A rule number is assigned to each rule and all rules are evaluated starting with the lowest numbered rule. When traffic hits the firewall, it is evaluated against the rules in ascending order. As soon as a rule is evaluated that matches the traffic being considered, it is applied regardless of what is indicated in a subsequent rule.
As indicated above, the default Network ACL in a default VPC is configured with lower-numbered rules for both inbound and outbound traffic which combine to explicitly allow bi-directional communication for any protocol, through any port and to and from any source or destination.
You can associate a Network ACL with multiple subnets but any single subnet can only be associated with one Network ACL. If you don’t specifically associate a Network ACL with a subnet, the subnet is automatically associated with the default Network ACL. This is the case with your default VPCs which have all subnets associated with the default Network ACL.
Security groups are considered the first line of defense and is a firewall that is applied at the instance level. This means that only instances explicitly associated with a security group will be subject to its rules while all instances in a subnet are impacted by the network ACL applied to that subnet.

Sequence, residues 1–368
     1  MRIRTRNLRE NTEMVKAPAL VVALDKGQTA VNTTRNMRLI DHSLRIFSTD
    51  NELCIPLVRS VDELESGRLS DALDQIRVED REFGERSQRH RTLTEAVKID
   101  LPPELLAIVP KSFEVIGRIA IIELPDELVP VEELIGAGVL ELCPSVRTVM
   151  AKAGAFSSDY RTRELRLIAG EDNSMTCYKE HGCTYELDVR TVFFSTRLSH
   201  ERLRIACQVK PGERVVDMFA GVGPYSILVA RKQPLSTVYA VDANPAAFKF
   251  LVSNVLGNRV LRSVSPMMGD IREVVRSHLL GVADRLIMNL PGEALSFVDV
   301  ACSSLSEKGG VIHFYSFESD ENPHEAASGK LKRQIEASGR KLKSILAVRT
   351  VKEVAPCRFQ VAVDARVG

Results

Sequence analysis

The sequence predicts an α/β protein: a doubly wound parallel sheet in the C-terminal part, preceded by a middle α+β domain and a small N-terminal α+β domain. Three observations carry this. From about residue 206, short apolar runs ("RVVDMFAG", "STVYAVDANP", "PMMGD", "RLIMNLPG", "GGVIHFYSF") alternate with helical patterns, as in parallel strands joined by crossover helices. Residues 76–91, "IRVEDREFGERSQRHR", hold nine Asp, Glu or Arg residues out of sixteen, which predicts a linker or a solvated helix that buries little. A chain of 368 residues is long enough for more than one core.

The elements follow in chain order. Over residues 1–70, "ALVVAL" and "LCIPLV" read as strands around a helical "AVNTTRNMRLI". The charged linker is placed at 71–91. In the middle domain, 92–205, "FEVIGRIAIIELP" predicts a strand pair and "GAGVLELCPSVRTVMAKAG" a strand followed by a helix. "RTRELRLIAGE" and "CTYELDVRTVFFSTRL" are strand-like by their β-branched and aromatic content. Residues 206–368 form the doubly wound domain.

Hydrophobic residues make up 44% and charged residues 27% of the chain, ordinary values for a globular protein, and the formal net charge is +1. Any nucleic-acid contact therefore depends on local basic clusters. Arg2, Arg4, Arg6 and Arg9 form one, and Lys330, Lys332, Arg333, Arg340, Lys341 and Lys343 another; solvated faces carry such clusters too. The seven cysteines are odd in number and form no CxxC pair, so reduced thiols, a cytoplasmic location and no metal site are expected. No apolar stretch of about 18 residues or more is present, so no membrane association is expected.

Similar to network ACLs, you create inbound and outbound traffic rules based on protocol, port and source or destination IP. However there are some differences as well.
- You can specify rules to allow network traffic but cannot create rules to deny specific types of traffic. In essence, all traffic is denied except for traffic you explicitly allow.
- Security groups are stateful so if you create a rule to allow a certain type of traffic in, then outbound traffic in response is also allowed even if there is no explicit outbound rule to allow such traffic.
Every instance must be associated with a security group and if a security group is not specified at launch time, then that instance will be associated with a default security group.
You can see from the screenshot above that a default security group will have a rule that only allow inbound traffic from other instances that are associated with the same default security group. No other inbound traffic is allowed.
Looking at the outbound rules above, all network traffic out is allowed by the default security group. This includes traffic out to the Internet since a default VPC will have a route to a default internet gateway.
As you can imagine, while a default VPC may be suitable for a small non-critical single tier applications, it is not ideal for a robust production environment. That’s why it is recommended that after getting their feet wet, users modify the default VPC configurations or create custom VPCs for production use. In the next blog post, we will do just that and break down a common use case with a custom VPC that has a public subnet tier and a private subnet tier. Stay tuned.